Most in-house lawyers have a broad remit of responsibilities. That results in the demanding challenge of having to deal with a plethora of seemingly ever-increasing legislative and regulatory changes while performing broad legal functions. In practice this means they don’t have time to dig deep into specialist areas of law and all its implications – they can’t (and usually don’t want to) ‘do it all’.
Data protection is a growing challenge
In 2018, the coming into effect of the General Data Protection Regulation was one of the most significant legislative and regulatory changes to have been introduced in the UK for many years. Having the time (and perhaps inclination) to fully get to grips with the GDPR in order to fully understand and appreciate its impact was a serious challenge for every in-house lawyer.
That challenge has become greater – as a result of Brexit there are now two GDPRs:
- The GDPR that exists at the moment will continue apply to the EU Member States. This will be known – in the UK – as the “EU GDPR”.
- In the UK, a new “UK GDPR” will come into force, which will effectively mirror the EU GDPR in almost all respects, except for some minor tweaks to make it UK specific.
This means that:
- UK-based businesses will need to comply with the UK GDPR
- UK-based businesses that offer goods or services to, or monitor the behaviour of, individuals in the EEA will, in addition, need to comply with the EU GDPR
- EEA-based businesses will need to comply with the EU GDPR
- EEA-based businesses that offer goods or services to individuals in the UK or that monitor those individuals’ behaviour will in addition, need to comply with the UK GDPR
- All businesses that are not UK or EEA based, that offer goods or services to, or monitor the behaviour of, individuals in the UK and EEA will need to comply with both the UK GDPR and the EU GDPR
In addition to the GDPRs, there are of course other data protection laws, in particular the ePrivacy Directive (in the UK the Privacy and Electronic Communications Regulations (PECR)). These laws will continue post -Brexit, but at some point, the EU will introduce a new law – the ePrivacy Regulation. When that eventually arrives, (it has been much delayed), it will not apply to the UK. This means that, as and when that happens there is likely to be significant differences between the respective ‘cookie laws’ and the rules re email marketing between the UK and the EU.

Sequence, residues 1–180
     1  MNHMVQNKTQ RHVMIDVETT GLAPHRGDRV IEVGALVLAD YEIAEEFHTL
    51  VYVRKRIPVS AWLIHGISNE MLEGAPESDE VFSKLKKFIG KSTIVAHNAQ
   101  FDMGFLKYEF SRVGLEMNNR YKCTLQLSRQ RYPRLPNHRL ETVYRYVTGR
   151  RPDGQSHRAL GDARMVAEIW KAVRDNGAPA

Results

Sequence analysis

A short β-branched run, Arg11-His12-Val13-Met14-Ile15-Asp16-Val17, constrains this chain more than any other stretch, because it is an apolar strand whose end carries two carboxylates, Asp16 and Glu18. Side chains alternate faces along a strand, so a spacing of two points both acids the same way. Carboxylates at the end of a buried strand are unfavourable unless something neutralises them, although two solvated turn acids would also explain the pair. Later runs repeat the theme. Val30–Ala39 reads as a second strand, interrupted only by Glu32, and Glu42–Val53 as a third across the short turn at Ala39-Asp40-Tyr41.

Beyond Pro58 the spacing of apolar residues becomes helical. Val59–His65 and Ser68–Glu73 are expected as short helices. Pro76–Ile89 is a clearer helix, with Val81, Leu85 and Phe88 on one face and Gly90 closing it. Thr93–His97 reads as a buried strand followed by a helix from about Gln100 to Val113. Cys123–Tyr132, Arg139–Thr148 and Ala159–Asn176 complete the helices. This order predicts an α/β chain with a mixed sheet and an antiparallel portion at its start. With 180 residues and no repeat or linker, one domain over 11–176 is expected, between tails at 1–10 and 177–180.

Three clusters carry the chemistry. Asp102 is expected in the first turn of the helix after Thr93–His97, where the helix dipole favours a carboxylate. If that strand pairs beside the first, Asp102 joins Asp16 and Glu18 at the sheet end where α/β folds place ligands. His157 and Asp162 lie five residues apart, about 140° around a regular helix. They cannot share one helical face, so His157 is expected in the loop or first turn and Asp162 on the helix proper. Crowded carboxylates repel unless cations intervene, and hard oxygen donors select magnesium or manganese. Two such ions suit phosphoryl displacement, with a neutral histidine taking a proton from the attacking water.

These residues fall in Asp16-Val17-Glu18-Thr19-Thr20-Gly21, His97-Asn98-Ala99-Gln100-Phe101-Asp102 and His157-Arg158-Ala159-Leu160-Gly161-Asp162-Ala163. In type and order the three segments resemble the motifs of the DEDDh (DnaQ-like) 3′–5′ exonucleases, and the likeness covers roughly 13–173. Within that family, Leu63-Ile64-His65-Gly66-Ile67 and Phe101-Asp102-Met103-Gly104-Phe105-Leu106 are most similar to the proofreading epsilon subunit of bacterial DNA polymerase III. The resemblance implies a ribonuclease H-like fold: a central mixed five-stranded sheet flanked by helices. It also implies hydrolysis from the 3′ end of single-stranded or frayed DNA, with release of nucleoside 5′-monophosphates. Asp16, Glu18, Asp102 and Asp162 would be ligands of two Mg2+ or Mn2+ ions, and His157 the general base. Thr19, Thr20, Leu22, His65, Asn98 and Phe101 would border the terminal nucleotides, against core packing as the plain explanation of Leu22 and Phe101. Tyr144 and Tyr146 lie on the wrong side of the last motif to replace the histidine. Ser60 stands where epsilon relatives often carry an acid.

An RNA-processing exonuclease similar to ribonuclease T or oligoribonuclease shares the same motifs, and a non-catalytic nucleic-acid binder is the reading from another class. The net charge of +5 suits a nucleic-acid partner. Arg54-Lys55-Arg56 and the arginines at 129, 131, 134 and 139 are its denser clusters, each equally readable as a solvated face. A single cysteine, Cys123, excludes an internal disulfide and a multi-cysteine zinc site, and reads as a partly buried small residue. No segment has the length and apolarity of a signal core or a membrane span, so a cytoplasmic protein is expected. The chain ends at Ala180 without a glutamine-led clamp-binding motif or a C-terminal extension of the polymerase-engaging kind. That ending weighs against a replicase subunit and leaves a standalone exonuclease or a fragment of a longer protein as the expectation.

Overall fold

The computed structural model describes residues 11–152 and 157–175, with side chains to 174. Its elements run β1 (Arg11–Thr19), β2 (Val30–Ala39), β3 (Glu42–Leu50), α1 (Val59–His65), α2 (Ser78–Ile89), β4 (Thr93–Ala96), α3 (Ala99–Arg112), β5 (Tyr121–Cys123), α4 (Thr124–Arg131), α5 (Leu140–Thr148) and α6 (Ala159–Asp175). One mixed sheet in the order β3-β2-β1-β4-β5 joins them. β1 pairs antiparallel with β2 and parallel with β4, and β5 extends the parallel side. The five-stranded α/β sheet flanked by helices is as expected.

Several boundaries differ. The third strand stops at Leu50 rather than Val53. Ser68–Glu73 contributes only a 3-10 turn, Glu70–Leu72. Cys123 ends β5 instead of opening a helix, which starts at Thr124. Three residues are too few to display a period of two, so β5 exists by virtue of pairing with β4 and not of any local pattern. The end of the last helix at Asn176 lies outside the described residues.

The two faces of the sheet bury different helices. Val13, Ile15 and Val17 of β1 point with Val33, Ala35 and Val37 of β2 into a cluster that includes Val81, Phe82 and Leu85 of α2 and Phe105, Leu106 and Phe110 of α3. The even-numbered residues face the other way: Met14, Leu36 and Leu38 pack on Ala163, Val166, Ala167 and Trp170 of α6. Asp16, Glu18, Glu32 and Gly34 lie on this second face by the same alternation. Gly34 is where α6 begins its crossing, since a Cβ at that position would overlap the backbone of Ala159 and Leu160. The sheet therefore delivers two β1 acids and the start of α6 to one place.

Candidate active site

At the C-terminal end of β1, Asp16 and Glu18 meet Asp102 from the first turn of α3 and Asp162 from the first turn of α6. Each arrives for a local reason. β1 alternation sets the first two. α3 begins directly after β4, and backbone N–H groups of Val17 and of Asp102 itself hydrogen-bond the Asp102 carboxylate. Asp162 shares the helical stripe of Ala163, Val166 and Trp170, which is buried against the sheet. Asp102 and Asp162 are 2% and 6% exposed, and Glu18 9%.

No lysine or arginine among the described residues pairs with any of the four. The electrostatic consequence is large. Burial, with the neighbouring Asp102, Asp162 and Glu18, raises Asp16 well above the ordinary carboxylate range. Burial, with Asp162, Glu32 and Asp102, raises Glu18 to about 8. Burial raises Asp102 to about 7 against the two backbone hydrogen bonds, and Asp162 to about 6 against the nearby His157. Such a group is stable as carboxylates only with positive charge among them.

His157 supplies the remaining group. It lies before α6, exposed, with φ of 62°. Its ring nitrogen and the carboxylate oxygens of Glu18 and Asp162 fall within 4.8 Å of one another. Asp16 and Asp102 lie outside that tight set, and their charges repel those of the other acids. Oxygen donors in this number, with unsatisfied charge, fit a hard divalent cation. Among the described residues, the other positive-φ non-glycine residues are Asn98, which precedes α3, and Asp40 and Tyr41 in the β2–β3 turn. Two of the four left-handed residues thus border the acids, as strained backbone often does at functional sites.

Can you meet that challenge?
Every organisation needs to ask if its in-house lawyers:
- Are able to keep fully up to date with changes to UK data protection law?
- Have the time to work out whether the UK or EU GDPR applies in any given situation?
- Can monitor developments in the EU re the ePrivacy Regulation?
How norm. supports in-house legal teams
Our specialist data protection team, led by a UK qualified solicitor, fulfils the vital role of supporting in-house lawyers in navigating the ever-changing and increasingly complex data protection landscape.
We begin by carrying out an analysis of your current data-processing activities with a view to introducing, if required, a privacy accountability framework, to help ensure that your business fully complies with data protection legislation – and demonstrate your compliance.
That’s because the ICO, your business partners and your customers need to see that you are managing personal data risks, so that you can secure their trust and confidence. This can enhance your reputation and give you a competitive edge, helping your business to thrive and grow.
We also carry out a ‘horizon scanning’ exercise, relating to possible further data protection-related legal and regulatory developments, to help your in-house lawyers identify emerging issues and support business decision-making.
Leadership and oversight
One of the principles of data protection is accountability and a fundamental building block of accountability is strong leadership and oversight. This is something we can help with, usually by being appointed as your DPO.
Data protection as a solution, not a problem
Often, within a business, seeking support or approval from the legal team is viewed as a hurdle to be overcome. We understand that there is a balance to be struck and that legal input has to be positive, creative and enabling. In practice this means helping you to understand how you should use the GDPR to your advantage.
For example, if your business is considering developing a new product or service, the early involvement of data protection specialists is vital. This will enable you to design a product or service from the outset with data protection and privacy considerations in mind, and to meet the requirements of the GDPR.
A solution that’s tried and tested
What’s clear is that the advice of data protection specialists, who are pragmatic, business- minded and able to cope with legal uncertainty IS worth it.
But don’t take our word for it – we already provide this service to an international confectionary-maker and a London-based wealth management firm, both of which have in-house lawyers. Our service enables them to focus on what they are best at – building trusted relationships with their customers and growing the business in a sustainable way.
Written by Robert Wassall
Robert Wassall is a solicitor, expert in data protection law and practice and a Data Protection Officer. As Head of Legal Services at NormCyber Robert heads up its Data Protection as a Service (DPaaS) solution and advises organisations across a variety of industries. Robert and his team support them in all matters relating to data protection and its role in fostering trusted, sustainable relationships with their clients, partners and stakeholders.